An initial study finds that traumatized patients who received a single injection of cortisone within a few hours of the event were more than 60 percent less likely to develop post-traumatic stress disorder (PTSD) than those who got a placebo.
The search for innovative methods to treat PTSD is driven in part by the escalation of the disorder among soldiers returning from Afghanistan and Iraq as well as among civilians who have experienced trauma.
Furthermore, current treatment approaches are expensive and display marginal outcomes.
The new intervention is based upon the knowledge that our body will naturally increase secretion of the hormone cortisol after a traumatic event.
In the study, Joseph Zohar, M.D., of Tel Aviv University, in collaboration with Hagit Cohen, Ph.D., from Ben-Gurion University, set out to discover what a single dose of cortisone — a closely related precursor of cortisol — could do, when administered up to six hours after test subjects experienced a traumatizing event.
Among animal models and a small sample of human subjects, the likelihood of development of PTSD reduced by 60 percent.
The results will be published in the journal European Neuropsychopharmacology in October 2011.
Unlike most psychiatric conditions, PTSD is unique in that is has an easily established timeline — the precise point at which the disorder manifested. This makes PTSD eligible for treatment in the “golden hours” — a medical term that defines the precious few hours in which treatment can be most beneficial following a trauma, heart attack, stroke, or medical event, said Zohar.
Receiving treatment in this window of opportunity can result in dramatic outcomes.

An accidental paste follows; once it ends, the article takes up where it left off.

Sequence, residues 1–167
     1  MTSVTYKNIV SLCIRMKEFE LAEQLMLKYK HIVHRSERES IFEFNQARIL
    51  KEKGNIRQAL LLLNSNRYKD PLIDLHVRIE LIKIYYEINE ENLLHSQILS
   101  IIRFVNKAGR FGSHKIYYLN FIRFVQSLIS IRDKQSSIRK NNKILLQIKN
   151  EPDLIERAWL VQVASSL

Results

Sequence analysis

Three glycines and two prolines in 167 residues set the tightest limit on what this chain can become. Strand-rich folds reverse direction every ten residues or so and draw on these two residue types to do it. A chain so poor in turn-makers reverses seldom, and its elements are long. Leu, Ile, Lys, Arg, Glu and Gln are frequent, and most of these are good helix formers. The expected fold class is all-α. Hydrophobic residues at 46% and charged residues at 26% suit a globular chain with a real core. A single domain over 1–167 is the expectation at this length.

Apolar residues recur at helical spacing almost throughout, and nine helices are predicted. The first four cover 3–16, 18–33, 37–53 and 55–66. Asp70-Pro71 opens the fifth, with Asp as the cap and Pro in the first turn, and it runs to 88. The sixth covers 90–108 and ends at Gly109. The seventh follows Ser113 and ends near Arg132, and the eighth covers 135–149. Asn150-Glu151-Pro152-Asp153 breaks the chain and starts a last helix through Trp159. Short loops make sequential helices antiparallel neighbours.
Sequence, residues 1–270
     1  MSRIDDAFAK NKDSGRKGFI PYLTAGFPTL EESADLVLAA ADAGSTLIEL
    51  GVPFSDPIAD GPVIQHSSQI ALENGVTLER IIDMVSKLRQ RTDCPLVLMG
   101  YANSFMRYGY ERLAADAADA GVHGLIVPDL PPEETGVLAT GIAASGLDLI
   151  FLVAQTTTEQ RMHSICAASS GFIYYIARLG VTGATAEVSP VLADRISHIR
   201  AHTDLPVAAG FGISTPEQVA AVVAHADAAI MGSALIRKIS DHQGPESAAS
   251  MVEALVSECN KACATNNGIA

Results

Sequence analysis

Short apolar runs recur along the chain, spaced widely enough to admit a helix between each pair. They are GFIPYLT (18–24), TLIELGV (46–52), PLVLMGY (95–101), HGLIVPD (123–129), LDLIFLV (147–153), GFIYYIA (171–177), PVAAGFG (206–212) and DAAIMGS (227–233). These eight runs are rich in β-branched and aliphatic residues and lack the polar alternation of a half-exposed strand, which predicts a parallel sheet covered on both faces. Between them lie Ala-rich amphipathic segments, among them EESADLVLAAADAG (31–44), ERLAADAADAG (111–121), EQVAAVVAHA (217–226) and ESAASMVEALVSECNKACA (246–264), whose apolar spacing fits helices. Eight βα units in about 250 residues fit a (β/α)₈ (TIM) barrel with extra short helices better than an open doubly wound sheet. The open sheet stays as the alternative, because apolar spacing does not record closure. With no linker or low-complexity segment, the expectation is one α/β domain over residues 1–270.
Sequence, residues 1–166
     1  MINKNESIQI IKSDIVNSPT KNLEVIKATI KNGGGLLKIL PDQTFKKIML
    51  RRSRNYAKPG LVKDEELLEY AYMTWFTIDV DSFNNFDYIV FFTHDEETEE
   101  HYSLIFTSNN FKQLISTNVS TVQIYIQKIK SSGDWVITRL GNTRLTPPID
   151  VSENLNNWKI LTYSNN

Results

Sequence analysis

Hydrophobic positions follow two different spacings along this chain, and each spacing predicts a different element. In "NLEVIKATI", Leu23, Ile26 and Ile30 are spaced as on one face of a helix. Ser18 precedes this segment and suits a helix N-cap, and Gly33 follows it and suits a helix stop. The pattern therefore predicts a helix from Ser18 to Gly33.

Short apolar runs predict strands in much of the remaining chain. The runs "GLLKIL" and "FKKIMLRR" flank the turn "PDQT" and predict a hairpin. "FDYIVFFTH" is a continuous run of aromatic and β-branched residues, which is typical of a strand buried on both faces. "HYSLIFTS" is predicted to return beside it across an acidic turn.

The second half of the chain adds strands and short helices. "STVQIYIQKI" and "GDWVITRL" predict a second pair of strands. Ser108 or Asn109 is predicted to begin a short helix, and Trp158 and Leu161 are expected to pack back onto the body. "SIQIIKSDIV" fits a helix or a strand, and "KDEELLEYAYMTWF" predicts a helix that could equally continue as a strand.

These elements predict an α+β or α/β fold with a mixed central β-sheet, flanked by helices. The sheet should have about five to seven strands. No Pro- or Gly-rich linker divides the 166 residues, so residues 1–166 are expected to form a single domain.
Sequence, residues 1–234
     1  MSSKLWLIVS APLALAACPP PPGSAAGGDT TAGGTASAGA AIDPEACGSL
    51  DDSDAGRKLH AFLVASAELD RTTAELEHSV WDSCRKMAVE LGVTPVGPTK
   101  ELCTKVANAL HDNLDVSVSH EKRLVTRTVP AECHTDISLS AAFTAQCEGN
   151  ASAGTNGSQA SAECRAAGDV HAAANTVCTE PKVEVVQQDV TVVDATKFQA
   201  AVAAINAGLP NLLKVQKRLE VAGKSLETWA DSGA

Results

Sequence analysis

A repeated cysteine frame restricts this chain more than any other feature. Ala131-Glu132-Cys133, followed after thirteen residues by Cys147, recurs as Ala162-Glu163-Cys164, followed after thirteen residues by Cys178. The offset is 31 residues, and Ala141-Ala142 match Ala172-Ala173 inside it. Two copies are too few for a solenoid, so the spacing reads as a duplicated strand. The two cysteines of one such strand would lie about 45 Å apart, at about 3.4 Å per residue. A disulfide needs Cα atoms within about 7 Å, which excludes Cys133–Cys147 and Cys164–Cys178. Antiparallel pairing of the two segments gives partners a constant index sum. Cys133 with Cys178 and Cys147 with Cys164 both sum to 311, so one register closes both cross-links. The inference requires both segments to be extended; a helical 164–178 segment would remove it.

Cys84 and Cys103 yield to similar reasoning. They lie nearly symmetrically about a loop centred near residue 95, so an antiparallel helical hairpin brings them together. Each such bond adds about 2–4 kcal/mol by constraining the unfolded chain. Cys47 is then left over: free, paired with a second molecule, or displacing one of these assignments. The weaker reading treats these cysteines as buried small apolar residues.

In animal research, Zohar and his fellow researchers first began treating PTSD in the window of opportunity up to six hours after a traumatic event. Two groups of rats were exposed to the smell of a cat, and one group was treated with cortisone after the event.
Following promising results with the rats, the researchers initiated a double-blind pilot study in an emergency room, in which trauma victims entering the hospital were randomly assigned to receive a placebo or the cortisone treatment.
Follow-up exams took place two weeks, one month, and three months after the event.
Those patients who had received a shot of cortisone were more than 60 percent less likely to develop PTSD, they discovered.
Zohar believes the right dose of cortisone at the right time could prove a source of secondary prevention for PTSD, he posited, helping along a natural process.
Currently, traumatized patients are often given medications such as Valium or Xanax, aimed at calming them down. Zohar said these drugs interfere with our natural and potent recovery process, hindering the secretion of cortisone.
“Looking at the long-term effect, people who received these medications had a greater chance of developing PTSD than those who did not,” he said.
The National Institutes of Health has awarded Zohar a $1.3 million dollar grant to expand the small pilot study.
Source: Tel Aviv University